The Bank of England has apologized for the links some of its past governors had with slavery, as a global anti-racism movement sparked by the death of George Floyd forces many British institutions to confront uncomfortable truths about their pasts.
The central bank called the trade in human beings “an unacceptable part of English history,” and pledged not to display any images of former leaders who had any involvement.
“The bank has commenced a thorough review of its collection of images of former governors and directors, to ensure none with any such involvement in the slave trade remain on display anywhere in the bank,” the institution said in statement.
The decision comes after two British companies on Thursday promised to financially support projects assisting minorities after being called out for past roles in the slave trade.
Insurance giant Lloyd’s of London and pub chain Greene King made the pledges after media highlighted their inclusion on a University College London database of individuals and companies with ties to the slave trade.
Launched in 2013, the database shows how deeply the tentacles of slavery are woven into modern British society.
It lists thousands of people who received compensation for loss of their “possessions” when slave ownership was outlawed by Britain in 1833. It reveals that many businesses, buildings and art collections that still exist today were funded by the proceeds of the slave trade.
Those listed on the database include governors and directors of the Bank of England, executives in companies that are still active and forbears of prominent Britons including writer George Orwell and ex-Prime Minister David Cameron.
About 46,000 people were paid a total of 20 million pounds — the equivalent of 40 percent of all annual government spending at the time — after the freeing of slaves in British colonies in the Caribbean, Mauritius and southern Africa.
Some slave owners were paid vast sums. John Gladstone, father of 19th-century Prime Minister William Ewart Gladstone, received more than 100,000 pounds in compensation for hundreds of slaves, at a time when skilled workers earned 50 to 75 pounds a year.
But not all the slave owners were ultra-wealthy. Middle-class Britons up and down the country were paid compensation. The loan the government took out to cover the payments was so large that it was not repaid in full until 2015.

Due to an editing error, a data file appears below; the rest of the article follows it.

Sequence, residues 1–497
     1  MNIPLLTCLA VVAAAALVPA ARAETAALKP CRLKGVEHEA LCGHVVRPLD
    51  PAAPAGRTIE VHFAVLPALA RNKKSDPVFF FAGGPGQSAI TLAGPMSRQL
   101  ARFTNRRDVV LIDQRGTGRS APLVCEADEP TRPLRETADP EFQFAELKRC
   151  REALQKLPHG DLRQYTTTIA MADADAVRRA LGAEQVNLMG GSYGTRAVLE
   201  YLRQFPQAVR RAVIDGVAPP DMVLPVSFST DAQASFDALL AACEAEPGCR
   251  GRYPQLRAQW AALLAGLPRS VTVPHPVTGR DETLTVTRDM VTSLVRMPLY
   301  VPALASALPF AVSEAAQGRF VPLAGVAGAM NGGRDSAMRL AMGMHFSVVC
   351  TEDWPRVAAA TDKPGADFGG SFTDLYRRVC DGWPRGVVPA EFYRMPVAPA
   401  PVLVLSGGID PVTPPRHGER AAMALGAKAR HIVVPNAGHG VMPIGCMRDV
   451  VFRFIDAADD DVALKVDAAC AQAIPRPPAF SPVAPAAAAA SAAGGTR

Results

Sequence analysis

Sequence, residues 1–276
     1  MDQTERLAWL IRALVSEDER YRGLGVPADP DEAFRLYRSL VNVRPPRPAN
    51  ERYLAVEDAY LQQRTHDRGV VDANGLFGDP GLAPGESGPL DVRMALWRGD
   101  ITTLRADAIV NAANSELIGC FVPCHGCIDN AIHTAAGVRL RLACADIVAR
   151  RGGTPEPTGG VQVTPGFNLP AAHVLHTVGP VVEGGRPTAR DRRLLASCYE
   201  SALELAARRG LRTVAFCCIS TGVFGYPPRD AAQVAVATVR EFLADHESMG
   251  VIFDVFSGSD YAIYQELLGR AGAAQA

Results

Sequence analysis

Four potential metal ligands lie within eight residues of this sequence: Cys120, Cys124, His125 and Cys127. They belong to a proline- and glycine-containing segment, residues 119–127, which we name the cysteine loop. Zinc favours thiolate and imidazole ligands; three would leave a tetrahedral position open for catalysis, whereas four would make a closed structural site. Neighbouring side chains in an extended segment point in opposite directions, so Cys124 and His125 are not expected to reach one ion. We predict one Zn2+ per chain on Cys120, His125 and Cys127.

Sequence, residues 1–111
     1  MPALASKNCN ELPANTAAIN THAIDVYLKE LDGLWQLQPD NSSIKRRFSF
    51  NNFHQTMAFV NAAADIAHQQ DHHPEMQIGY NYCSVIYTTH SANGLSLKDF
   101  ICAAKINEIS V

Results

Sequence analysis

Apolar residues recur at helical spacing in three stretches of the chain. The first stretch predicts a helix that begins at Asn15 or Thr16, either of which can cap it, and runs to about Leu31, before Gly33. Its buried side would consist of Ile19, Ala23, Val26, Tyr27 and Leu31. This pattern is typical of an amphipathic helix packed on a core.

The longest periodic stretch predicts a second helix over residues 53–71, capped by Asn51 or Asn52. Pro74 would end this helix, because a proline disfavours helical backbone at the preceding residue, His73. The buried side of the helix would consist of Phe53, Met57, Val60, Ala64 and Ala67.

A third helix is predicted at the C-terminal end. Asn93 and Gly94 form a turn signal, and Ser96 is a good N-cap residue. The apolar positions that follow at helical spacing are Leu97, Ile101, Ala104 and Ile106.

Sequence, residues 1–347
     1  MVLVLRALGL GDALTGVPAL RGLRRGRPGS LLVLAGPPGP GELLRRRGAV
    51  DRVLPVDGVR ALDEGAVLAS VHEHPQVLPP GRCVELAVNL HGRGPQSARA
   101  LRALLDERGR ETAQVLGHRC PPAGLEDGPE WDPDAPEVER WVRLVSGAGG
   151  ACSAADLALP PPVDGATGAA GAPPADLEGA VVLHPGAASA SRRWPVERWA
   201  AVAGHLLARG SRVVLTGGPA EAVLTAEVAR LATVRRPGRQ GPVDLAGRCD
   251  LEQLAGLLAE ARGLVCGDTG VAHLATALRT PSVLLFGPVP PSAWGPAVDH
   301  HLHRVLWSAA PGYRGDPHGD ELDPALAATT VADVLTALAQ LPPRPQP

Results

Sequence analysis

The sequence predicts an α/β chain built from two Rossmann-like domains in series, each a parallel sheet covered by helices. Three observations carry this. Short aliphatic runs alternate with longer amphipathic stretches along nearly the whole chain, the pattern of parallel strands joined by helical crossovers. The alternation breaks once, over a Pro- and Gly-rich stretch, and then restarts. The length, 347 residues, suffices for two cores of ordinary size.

Information about the role played by British firms and individuals in slavery has been available on UCL’s database for seven years. But corporate apologies are only coming now that the Black Lives Matter movement has thrust the issue of racial injustice into global prominence.
Keith McClelland, a researcher with UCL’s Legacy of British Slave-ownership project, said many parts of British society had been unwilling to face up to the past.
“The dominant narrative from the 1830s onwards was that the great thing about Britain was that it had abolished the slave trade and then abolished slavery,” he said.
“And this wasn’t just a narrative being told about Britain at that time. (Former Prime Minister) Gordon Brown (and) David Cameron made speeches saying in the 2000s saying, there is this golden thread of liberty that runs through British history, one component of which was the abolition of slavery. Fine. Except neither of them actually mentioned that behind that was 200 years of slavery.
“It seems to me just incomprehensible that you can laud the abolition of slavery without talking about slavery itself. But that’s what has happened.”
The racial-equality protests that followed Floyd’s May 25 death in Minneapolis have sparked a reassessment of history, with demonstrators in several countries toppling memorials to people who profited from imperialism and the slave trade.
Earlier this month, protesters in the English city of Bristol hauled down a statue of Edward Colston, a 17th-century slave trader, and dumped it in the city’s harbor. City officials fished it out and plan to put it in a museum, along with placards from the protest.
Oxford University’s Oriel College has recommended the removal of a statue of Cecil Rhodes, a Victorian imperialist in southern Africa who made a fortune from mines and endowed Oxford’s Rhodes scholarships for international students.
McClelland said Floyd’s death and its aftermath could bring major change in how Britain faces its past — but it’s too soon to say..
“There are a lot of statements coming from companies about regret,” he said. “Will this make a concrete difference? Ask me in two, three, four, five years’ time. Have they actually done anything rather than say, ‘Oh, well, we’re terribly sorry?’
“We’ll see. I am not entirely optimistic.”